The House and Senate are adjourned this week and next for their State/District work periods.
EEOC Releases Enforcement and Litigation Stats. Last week, the EEOC released its comprehensive enforcement and litigation statistics for Fiscal Year 2018. There was a dip in the number of total charges filed, but a substantial increase in the EEOC’s monetary recoveries. Retaliation and sex discrimination charges were the most frequently alleged. See Seyfarth’s Workplace Class Action blog for more details.
The EEO-1 Saga Rolls On. On Tuesday, the U.S. District Court for D.C. held a status hearing in the ongoing litigation over the EEO-1. The most recent hearing focused on a key question: when can the EEOC realistically be up and running to collect and process the new EEO-1 form, Component Two. The Court closely questioned the EEOC’s data collection expert on the EEOC's preparation for the collection of Component Two, as well as the roadblocks that might be in the way of moving the agency to where it could begin collecting that data. EEOC’s expert conceded that a September 30 deadline was feasible, but meeting that date would mean the data collection process would not be up to industry standards. There was also discussion of what should happen when the OMB 3 year approval of Component Two expires on September 30, e.g. could that deadline be “tolled” under the Court’s authority. The Court offered the parties an opportunity to file written summations with a proposed order targeted for April 22. As noted last week, Seyfarth filed an extensive amicus brief with the Court detailing the real practical and technological obstacles facing employers in complying with an unrealistic deadline, and will continue to closely follow developments. We expect the Court to issue a firm deadline very soon.
New OMB Circular on Rulemaking. On April 11, the White House’s Office of Management and Budget (OMB) issued a new guidance memorandum relating to rulemaking. The memorandum, which is directed to the heads of Executive Branch Departments and Agencies, uses the Congressional Review Act (CRA) as a hook to reassert the power of the Office of Information and Regulatory Affairs (OIRA) within OMB to review “rules” – as broadly construed under the Administrative Procedure Act – issued by agencies. The CRA distinguishes between major and minor rules with regard to effective dates, and the memorandum emphasizes this fact to make clear that OMB has the ultimate authority to determine what is major and what is minor. OMB also reminds the agencies (and the public) that there are several criteria for determining whether a particular rule is major; there is more to the assessment than whether the rule will have an annual effect on the economy of $100 million or more. The clear signal being sent is that OMB will rigorously assert its oversight authority during rulemaking. Whether this is helpful will depend on the underlying rule in question and the underlying circumstances, but it is important to be aware of this latest wrinkle by the Administration in the rulemaking area.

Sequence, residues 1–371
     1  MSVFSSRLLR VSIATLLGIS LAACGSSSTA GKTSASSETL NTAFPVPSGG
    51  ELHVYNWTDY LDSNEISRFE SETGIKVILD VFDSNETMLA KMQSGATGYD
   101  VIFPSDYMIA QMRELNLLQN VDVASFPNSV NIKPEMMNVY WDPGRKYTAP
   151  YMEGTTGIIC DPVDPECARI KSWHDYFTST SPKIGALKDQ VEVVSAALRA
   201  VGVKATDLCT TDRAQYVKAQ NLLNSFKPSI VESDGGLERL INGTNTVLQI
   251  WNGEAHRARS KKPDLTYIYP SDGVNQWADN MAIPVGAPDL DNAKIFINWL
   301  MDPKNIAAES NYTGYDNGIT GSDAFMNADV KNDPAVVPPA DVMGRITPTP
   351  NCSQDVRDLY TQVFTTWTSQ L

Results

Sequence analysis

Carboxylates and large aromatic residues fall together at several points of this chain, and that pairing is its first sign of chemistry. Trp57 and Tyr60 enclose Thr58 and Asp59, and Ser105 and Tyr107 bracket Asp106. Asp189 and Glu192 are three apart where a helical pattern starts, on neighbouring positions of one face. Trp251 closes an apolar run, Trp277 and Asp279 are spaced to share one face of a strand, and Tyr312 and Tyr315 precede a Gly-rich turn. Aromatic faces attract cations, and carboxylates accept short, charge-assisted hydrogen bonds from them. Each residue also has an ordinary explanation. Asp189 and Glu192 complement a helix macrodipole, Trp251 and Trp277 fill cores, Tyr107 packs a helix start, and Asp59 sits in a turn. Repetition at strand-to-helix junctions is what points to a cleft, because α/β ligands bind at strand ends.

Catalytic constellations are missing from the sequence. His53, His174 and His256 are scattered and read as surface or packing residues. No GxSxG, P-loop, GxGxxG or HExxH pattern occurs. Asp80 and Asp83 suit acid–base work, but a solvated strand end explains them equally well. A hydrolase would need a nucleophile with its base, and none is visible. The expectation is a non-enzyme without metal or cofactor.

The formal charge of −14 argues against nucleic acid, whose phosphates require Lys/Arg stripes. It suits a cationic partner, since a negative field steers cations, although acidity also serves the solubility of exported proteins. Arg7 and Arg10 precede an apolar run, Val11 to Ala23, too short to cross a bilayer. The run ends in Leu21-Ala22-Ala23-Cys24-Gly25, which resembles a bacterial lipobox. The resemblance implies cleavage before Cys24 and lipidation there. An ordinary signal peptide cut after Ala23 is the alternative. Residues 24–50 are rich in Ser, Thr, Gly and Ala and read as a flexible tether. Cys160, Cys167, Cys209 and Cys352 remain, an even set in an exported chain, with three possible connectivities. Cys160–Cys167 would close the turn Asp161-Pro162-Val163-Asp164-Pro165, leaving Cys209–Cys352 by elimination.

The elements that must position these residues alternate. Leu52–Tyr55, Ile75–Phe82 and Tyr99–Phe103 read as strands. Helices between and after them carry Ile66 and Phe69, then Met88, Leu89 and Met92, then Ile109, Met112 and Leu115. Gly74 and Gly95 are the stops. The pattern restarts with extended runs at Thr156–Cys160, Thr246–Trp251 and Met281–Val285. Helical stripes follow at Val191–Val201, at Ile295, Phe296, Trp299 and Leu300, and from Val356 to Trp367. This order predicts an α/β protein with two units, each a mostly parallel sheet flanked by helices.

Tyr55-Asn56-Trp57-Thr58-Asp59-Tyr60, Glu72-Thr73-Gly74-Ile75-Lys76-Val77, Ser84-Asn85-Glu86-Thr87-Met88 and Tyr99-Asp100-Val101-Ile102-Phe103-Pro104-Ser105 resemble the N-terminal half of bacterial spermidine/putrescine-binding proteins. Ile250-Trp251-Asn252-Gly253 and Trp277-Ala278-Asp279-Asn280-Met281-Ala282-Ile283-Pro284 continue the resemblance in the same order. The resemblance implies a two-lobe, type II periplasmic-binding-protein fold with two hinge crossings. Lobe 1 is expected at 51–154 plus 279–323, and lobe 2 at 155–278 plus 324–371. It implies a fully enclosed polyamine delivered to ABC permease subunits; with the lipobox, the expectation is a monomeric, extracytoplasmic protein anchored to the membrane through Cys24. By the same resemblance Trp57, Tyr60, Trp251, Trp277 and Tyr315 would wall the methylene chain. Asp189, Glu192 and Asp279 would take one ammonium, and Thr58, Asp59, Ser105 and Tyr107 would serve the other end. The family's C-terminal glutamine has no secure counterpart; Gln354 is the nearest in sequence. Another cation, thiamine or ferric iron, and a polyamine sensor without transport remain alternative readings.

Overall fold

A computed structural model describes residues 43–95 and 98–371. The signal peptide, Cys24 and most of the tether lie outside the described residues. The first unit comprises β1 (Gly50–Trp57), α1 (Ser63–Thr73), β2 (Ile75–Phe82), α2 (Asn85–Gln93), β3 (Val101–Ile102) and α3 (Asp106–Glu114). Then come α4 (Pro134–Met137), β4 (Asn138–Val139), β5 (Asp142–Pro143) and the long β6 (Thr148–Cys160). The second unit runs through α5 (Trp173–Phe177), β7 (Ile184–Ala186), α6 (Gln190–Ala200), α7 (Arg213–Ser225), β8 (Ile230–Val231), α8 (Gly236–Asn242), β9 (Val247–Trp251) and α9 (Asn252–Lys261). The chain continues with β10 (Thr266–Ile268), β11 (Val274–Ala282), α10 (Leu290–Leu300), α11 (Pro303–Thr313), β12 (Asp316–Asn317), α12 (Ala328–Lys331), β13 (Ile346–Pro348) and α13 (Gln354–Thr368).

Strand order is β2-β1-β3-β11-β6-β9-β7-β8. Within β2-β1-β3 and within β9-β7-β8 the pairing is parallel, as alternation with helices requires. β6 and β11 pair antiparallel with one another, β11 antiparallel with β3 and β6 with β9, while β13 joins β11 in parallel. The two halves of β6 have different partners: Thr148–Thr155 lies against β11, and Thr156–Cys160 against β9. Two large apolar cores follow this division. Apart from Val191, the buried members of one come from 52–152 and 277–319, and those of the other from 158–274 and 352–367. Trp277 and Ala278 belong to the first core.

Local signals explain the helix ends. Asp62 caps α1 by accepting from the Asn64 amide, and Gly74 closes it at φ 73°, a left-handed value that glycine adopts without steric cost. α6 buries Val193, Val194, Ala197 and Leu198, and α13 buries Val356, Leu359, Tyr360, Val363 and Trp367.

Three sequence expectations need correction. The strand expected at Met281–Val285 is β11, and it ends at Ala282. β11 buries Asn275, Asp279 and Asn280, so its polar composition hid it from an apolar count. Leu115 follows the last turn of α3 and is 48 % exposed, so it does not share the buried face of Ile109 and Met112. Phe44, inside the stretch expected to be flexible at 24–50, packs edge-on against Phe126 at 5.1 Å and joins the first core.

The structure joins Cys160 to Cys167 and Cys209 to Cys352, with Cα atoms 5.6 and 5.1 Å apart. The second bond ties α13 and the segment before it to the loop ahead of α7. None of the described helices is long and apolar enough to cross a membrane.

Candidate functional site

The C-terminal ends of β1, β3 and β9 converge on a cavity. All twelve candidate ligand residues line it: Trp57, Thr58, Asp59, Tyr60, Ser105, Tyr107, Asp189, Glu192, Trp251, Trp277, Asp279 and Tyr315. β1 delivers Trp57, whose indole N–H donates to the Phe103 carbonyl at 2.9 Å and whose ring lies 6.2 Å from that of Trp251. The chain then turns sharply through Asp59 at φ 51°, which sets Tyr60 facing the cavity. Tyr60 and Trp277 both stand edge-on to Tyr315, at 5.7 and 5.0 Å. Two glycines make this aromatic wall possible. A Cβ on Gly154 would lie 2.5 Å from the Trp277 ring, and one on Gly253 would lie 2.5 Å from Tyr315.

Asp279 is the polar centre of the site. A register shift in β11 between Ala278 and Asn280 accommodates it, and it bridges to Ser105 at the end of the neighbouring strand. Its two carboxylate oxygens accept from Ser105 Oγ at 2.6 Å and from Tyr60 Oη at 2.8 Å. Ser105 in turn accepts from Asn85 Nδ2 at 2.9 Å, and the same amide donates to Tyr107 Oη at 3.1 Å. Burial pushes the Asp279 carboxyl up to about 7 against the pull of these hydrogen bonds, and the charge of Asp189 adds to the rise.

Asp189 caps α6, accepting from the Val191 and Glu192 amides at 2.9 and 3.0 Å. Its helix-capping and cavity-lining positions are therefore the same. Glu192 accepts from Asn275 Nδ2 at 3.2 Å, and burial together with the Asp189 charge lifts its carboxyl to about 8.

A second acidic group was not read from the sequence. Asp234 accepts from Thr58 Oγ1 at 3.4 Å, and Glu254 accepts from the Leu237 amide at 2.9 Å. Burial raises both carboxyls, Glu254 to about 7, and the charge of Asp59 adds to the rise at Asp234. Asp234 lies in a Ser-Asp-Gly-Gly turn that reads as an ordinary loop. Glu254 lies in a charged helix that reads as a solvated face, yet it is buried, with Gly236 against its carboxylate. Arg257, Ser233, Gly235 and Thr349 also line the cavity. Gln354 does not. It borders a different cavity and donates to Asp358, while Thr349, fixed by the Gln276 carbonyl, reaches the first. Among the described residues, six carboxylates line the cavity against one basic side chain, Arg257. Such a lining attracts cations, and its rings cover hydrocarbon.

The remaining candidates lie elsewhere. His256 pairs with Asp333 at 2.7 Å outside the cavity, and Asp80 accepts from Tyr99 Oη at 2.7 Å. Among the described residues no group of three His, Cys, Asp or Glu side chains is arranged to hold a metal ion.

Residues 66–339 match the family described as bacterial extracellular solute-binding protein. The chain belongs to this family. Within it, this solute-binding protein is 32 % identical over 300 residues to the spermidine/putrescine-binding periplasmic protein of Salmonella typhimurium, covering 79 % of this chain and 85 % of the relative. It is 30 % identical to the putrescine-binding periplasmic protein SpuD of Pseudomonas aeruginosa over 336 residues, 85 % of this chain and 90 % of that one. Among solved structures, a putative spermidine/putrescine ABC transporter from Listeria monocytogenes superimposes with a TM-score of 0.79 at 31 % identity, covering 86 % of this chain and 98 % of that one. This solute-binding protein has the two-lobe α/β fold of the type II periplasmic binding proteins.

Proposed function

“Medical Marijuana User” Now a Protected Class in New Mexico. As state legislatures have legalized marijuana around the country, employers have struggled to determine the extent of their ability to take employment action against employees for using marijuana. New Mexico recently resolved some – but not all – of that struggle. New Mexico employers are prohibited from taking any “adverse employment action against an applicant or an employee based on conduct allowed under” the law, including declining to hire, terminating, or taking any other adverse action against an individual because he or she is using medical marijuana or received a recommendation for such use by a provider.